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Tourism Marketing

Washington, DC. Nov 1st, 2005 ---- It never ceases to amaze me how what is effectively the nations No 1 industry as regards employment is totally neglected in Washington, DC and relegated to the bottom of the Totem Pole in most States, and Cities. That of tourism, travel and leisure.

Most Congressmen and politicians can tell you how many villages we bombed in Iraq or Afghanistan last month, but haven't a clue how New Orleans is handling reconstructing its essential tourism industry. How will these essential Gulf Coast attraction open again if the workers are displaced? You could call the local Director of Tourism or Convention and Visitors Bureau, but be prepared for a sales pitch and nothing else. There needs to be oversight.

Many Directors of Tourism couldn't give accurate figures of relevance to investors, businesses or managers, or tell you the first rules about marketing, or competitive intelligence. Most just hand out brochures and make up numbers they think their bosses would like to hear. Nobody bothers to check their numbers, or their performance. Our own experiences on the Eastern Shore of Maryland makes us wonder where is the evaluation and oversight.

But the Federal Government is far from providing any leadership in this area. It really is "Dog Eat Dog" and let Big Business prevail. Of course this suits Disney, Six Flags, Annheuser Bush and Universal just fine. But is it in the interests of the American public, especially the thousands of small businesses in this sector?

The relevance of tourism and leisure marketing is more important than ever as 79,000,000 American Baby Boomers dispose of $3 Trillion of money they inherited, or earned. The successful marketing strategy can mean the difference between full and expanding restaurants, hotels and attractions, and those on the Auction block. Living for many years in Orlando, Florida, and next to Atlantic City and New York has given a valuable insight in the importance of due diligence in statistics, and competitive intelligence in selecting types of hotels, resorts, attractions and restaurants, and their siting and operation.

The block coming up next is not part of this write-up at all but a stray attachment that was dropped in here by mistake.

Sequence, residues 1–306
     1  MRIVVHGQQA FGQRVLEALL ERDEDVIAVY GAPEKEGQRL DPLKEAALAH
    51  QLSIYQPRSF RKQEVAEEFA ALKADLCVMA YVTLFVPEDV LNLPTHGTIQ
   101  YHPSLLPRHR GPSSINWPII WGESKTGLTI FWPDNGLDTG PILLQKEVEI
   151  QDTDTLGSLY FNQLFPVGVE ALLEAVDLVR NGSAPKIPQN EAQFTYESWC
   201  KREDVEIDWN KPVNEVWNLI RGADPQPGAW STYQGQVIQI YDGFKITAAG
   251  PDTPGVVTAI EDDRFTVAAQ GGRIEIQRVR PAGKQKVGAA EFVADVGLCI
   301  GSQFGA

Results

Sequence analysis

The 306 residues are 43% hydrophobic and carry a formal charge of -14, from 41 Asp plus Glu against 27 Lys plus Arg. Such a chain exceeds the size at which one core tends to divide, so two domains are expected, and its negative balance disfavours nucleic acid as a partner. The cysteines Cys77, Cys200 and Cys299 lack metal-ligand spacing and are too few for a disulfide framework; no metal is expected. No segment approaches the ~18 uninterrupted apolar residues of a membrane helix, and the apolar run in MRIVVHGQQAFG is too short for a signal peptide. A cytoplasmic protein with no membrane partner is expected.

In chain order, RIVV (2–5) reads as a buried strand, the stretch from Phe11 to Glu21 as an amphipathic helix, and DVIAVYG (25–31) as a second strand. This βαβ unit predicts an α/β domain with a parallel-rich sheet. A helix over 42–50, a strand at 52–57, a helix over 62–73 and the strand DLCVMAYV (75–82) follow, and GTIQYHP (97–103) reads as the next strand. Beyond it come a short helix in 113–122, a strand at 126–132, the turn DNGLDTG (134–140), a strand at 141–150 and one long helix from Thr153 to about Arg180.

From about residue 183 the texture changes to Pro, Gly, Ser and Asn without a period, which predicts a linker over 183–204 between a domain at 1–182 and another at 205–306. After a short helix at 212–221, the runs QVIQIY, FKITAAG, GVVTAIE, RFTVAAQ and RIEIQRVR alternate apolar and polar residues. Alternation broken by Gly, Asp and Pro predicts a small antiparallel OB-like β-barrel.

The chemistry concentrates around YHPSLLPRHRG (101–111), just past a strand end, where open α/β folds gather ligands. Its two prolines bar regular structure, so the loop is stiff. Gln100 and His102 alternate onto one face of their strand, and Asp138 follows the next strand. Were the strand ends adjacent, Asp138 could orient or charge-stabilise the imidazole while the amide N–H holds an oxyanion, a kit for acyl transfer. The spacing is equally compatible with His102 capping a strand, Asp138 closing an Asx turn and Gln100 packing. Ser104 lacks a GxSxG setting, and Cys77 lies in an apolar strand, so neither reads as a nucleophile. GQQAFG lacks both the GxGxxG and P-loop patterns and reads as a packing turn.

Even in rural Easton, hidden away in equally rural Talbot County on the Eastern Shore of the Chesapeake we see the results of flawed and unmonitored tourism marketing, and grossly inflated numbers and egos. The "Jewel of the Eastern Shore" the Tidewater Inn was recently sold again in a bankruptcy auction for less than half it's appraised value. It had been allowed to rot away for a quarter of a century, and needs millions to bring it up to date. The last owners, who had it for only a few months and spent millions believing there were thousands of tourists lining up looking for rooms. But the whole area is declining in it's tourist appeal, and the numbers attributed to tourist events are best described as "fictional". Many communities fool themselves and actually believe their PR. For example in Easton, the old local Cinema, the Avalon tries to function as a Theater, but many seats can't see the stage. An old cinema is still an old Cinema, even if you call it a Theater. It's a question of visual sight lines and how the seats are laid out. Those who want to invest in a tourism or hospitality business should look at the empty streets and shops before they digest publicity handouts.

What matters here of course is that any entrepreneur who did not do due diligence and opened a business would have a lot of explaining to do to their bank manager, or investors. Likewise any corporate formula restaurant or hotel should be doing due diligence and looking closely at the numbers. But managers quickly move on and usually it's too late before the facts are revealed. Staying with our case study of Talbot County, MD "We are expecting 25,000 at this years Waterfowl Festival" was the pitch given each year to a number of businessmen. The festival, declining in numbers, only reached around 10 - 12,000 for the past few years but as there is little chance of prosecution for inflating figures then all is well. Except if you fell for the ploy. Same with local Wine and Food shows. It's those invisible tourists again to get your dollars.

There are a lot of Baby Boomers looking to quit the rat race and open a Bed and Breakfast or restaurant who should be concerned at the gross inflating of tourism numbers, and the effectiveness of tourism marketing in the area they choose. The local Chambers of Commerce will not tell you that the area is declining. They want your membership fees, to pay their wages.

Tourism marketing will be even more important as manufacturing is outsourced, and communities have to again rely on what they have to bring in revenue. There is just as much need for reliable competitive intelligence in leisure industries, as there is in high technology industries. Maybe more.



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